Date of Conferral





Human Services


Barbara Benoliel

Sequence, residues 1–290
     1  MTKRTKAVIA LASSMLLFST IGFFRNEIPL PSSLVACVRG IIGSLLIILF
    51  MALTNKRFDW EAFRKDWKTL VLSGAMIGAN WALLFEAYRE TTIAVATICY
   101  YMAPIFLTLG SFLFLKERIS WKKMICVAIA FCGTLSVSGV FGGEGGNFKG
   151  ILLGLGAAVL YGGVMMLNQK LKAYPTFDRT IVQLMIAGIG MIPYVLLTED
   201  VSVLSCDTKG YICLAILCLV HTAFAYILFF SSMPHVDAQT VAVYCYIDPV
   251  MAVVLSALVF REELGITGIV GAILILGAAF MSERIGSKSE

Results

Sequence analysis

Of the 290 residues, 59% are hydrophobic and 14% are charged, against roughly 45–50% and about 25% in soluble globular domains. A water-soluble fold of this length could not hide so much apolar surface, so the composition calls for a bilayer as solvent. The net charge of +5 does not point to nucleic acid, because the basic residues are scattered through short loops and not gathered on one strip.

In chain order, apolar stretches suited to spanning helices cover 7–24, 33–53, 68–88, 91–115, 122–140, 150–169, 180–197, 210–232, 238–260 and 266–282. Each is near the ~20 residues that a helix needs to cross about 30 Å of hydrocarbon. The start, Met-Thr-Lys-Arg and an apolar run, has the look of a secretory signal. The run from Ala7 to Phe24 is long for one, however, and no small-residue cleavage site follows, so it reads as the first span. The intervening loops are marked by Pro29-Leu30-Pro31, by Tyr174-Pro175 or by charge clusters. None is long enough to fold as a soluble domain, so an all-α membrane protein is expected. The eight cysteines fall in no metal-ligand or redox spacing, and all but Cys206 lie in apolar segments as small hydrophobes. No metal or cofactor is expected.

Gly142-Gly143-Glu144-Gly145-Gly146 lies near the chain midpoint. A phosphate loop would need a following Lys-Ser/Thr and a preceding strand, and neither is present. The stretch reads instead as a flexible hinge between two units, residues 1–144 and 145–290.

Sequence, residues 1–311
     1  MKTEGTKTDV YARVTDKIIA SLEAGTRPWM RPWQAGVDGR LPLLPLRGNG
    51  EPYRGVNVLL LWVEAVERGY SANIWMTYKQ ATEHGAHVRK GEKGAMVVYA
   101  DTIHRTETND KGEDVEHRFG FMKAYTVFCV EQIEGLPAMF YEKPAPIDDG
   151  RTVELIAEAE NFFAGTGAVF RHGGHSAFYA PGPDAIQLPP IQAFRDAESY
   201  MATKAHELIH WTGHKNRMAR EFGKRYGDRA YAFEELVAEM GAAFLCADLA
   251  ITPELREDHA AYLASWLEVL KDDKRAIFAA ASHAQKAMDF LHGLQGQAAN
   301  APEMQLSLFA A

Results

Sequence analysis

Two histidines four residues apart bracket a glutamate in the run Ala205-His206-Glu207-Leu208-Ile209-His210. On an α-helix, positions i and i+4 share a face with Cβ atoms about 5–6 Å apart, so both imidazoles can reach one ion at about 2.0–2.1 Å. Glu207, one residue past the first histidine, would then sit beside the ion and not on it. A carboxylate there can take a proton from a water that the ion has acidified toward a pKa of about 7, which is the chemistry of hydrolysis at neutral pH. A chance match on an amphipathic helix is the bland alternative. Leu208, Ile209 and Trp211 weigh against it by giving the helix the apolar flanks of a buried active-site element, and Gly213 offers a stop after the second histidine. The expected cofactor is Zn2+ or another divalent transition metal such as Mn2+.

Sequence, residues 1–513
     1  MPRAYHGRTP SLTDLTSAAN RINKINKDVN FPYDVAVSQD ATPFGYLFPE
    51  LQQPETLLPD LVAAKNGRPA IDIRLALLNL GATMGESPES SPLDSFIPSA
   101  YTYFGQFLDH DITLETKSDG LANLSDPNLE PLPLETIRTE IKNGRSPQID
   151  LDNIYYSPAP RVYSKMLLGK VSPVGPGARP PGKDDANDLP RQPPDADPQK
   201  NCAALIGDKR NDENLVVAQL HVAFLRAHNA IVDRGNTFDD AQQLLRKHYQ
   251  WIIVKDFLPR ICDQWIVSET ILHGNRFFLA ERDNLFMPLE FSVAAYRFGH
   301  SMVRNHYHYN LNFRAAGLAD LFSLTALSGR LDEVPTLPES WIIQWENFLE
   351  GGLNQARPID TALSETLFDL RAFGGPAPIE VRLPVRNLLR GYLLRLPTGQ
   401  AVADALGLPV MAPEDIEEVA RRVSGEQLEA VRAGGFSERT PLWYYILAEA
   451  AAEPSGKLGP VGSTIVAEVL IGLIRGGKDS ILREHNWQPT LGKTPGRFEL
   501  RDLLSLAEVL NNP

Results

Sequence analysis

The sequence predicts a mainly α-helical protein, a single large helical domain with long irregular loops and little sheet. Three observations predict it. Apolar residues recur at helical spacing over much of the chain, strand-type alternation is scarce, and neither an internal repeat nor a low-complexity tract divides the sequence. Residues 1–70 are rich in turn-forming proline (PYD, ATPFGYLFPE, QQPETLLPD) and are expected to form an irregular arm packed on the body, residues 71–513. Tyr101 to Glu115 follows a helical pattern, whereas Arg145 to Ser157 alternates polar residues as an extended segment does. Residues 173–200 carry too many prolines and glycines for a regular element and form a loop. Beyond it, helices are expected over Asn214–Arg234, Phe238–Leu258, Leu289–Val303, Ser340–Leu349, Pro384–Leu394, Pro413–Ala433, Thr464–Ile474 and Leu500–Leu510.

Researchers suggest that restorative justice processes in schools are a successful alternative to traditional punishments for school discipline, and are used for both reactive and proactive responses to behavior issues. However, the processes are not sustainable if the administration implementing restorative justice do not promote a restorative justice ideology (RJI), and if all systems that impact the student are not aligned. Therefore, study was conducted to compare the level of restorative justice ideology between groups of administrators, teachers, and parents with a validated restorative justice ideology survey instrument that includes cooperation, restoration, and healing, and an accumulative score for RJI as a whole. Data were collected and analyzed with a One-Way ANOVA test at a selected convenience sample of 45 schools in a Western state. Using the theories of restorative justice, pedagogy, and Bronfenbrenner's ecological systems model, the comparison of ideologies between these groups indicated a statistically significant difference between administrators and parents in the restorative justice ideology belief of restoration, and in the overall belief of restorative justice ideology, showing a lack of alignment. The findings can impact social change by the identification of barriers in sustainable implementation of restorative justice in schools. The findings can also be used to suggest an evidence-based model that includes parents and families in all stages of planning, implementation, and continued practice, along with consideration that restorative justice is a belief system rather than a behavior intervention.